galapagos penguin
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Galapagos Penguins, Spheniscus mendiculus

Galapagos Penguins, Spheniscus mendiculus | galapagos penguin | Scoop.it
Find out what's known about Galapagos Penguins including their world range and habitats, feeding behaviors, life history, ecology, reproduction, and conservation status.
Jonathan Wong's insight:

1.Yes, penguins do exist on the equator! Galapagos penguins, Spheniscus mendiculus (Sundevall, 1871), are the most northerly occurring of all the penguins (third smallest of the world's 17 or so penguin species as well). They stand 40-45 cm tall and weigh 1.6-2.5 kg

2.Galapagos penguins have a thin white band that runs under their chin and a black upside down horseshoe shape around their belly. The Galapagos penguin may look like the magellanic penguin but they are smaller and their black markings on their belly are thinner

3.They are found only around the Galapagos and Isabela Islands just north of the Equator.

4.Galapagos penguins are thought to have been brought to the Galapagos islands by the Humboldt Current, which brings cold waters and nutrients north from Antarctica. One of the main problems for these penguins is keeping cool

5.Living close to the equator it can get to over 38°C during the daytime. They keep cool by swimming and hunting for food in the cold water of the Cromwell Current during the day

6. During the cool nights they sleep and nest on the land. They hold their flippers out to help cool themselves and protect their feet from getting sunburned by holding their flippers over their feet when on land.

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ADW: Spheniscus mendiculus: INFORMATION

ADW: Spheniscus mendiculus: INFORMATION | galapagos penguin | Scoop.it
Jonathan Wong's insight:

1.Galapagos penguins occupy coastal areas and offshore waters where the cold Cromwell Current brings food and other population-sustaining necessities into the vicinity. These birds rest on sandy shores and rocky beaches and nest on areas of sheltered coast. Galapagos penguins primarily breed on the larger islands of Fernandina and Isabela where they lay eggs in caves or holes found in the volcanic rock of the islands

2.Galapagos penguins are fairly small penguins, averaging only 53 cm in height and ranging in weight from 1.7 to 2.6 kg. Sexual dimorphism exists, in that males are slightly larger than females. Galapagos penguins are the smallest members of the Spheniscus or "banded" penguins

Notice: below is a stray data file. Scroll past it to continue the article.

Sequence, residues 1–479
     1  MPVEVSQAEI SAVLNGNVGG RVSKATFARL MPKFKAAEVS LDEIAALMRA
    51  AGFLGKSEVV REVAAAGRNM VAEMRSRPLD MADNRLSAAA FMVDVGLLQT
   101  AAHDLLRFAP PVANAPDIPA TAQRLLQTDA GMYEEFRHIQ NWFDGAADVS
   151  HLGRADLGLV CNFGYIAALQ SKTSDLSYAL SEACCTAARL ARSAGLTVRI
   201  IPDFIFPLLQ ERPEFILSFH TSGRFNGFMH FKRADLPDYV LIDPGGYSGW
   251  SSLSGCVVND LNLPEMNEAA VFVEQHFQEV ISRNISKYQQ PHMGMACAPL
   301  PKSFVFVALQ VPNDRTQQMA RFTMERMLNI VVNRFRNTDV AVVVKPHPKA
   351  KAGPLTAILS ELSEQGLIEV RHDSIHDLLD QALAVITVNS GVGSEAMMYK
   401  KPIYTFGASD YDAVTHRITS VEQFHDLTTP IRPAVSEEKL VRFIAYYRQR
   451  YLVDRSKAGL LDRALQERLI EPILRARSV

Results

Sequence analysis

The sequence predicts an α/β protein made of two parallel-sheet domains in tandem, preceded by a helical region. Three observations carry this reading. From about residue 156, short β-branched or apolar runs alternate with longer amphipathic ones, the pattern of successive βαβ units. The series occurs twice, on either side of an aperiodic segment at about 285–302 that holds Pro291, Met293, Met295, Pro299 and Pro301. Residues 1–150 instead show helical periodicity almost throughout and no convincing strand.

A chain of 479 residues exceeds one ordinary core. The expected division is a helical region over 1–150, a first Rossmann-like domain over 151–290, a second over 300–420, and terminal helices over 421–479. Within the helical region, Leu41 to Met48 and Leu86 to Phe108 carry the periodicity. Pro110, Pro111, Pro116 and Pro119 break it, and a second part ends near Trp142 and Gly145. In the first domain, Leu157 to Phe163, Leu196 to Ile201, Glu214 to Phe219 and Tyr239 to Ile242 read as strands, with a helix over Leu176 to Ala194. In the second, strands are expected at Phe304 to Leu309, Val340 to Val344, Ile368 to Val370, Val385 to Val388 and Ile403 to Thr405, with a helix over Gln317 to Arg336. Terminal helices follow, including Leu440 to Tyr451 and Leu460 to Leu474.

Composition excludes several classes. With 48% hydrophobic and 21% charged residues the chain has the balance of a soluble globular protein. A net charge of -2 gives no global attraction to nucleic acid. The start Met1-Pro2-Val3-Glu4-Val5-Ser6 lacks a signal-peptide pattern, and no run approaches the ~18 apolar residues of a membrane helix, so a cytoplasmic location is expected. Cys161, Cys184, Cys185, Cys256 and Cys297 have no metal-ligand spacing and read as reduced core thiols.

3.alapagos penguins can live for 15 to 20 years. Because of high mortality rates due to predation, starvation, climatic events, and human disturbance, most Galapagos penguins do not live to such ages.

4.Galapagos penguins rely on a series of vocal calls and sounds as well as a complex array of body movements for varying communication purposes. Vocalizations are crucial in helping to identify mates and chicks. These calls, along with body movements such as wing-flapping, help to deter egg-snatching predators

5.Galapagos penguins are carnivorous and eat all types of small fish (no longer than 15 mm in length) and other small marine invertebrates. Prey species include anchovies (Engraulidae), sardines and pilchards (Cleupidae), and mullets (Mulgilidae)

6.As adults, Galapagos penguins are preyed on by hawks and owls, as well as feral cats and dogs. When foraging for food in the water, Galapagos penguins are preyed on by sharks and other large, marine animals. The pattern of black and white countershading on their body makes them difficult to see underwater. A predator looking from above will see a black-colored backside of the penguin that blends in with the darker, deeper water.

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Galapagos penguin

Galapagos penguin | galapagos penguin | Scoop.it
The Galápagos penguin (scientific name Spheniscus mendiculus) is one of seventeen species of flightless birds in the family Spheniscidae (the penguins). It is
Jonathan Wong's insight:

1. According to the IUCN Red List and the United States Endangered Species Act, Galapagos penguins are currently listed as endangered

2.Due to climatic changes brought about by El Niño and La Niña cycles, the food supply available to the Galapagos penguins varies greatly. These unpredictable shifts in food supply often lead to starvation and deaths and a substantial decline in the already dwindling penguin population. 

3. The main threat facing this penguin is the fluctuation in food supply, compounded by El Niño and La Niña events. The 1982-1983 'El Niño' Southern Oscillation (ENSO) resulted in the catastrophic loss of 77% of the population through starvation

4. human disturbance is damaging the nesting grounds of these, the most northerly of penguins. In the past, there has been little effort to protect the species. Recently, however, the Galapagos Conservation Trust launched the Sylvia Harcourt-Carrasco Bird Life Fund for the Galapagos, which will aim much of its efforts at conserving the population of Galapagos penguins

5. The total range of the Galapagos penguin is contained within the Galapagos National Park and Marine Reserve.

6. It is now thought that the species is experiencing another recovery phase. Other threats facing this beleaguered penguin include predation by introduced feral animals such as dogs and cats, increased disturbance by tourists, pollution (including oil spills), and fishing.

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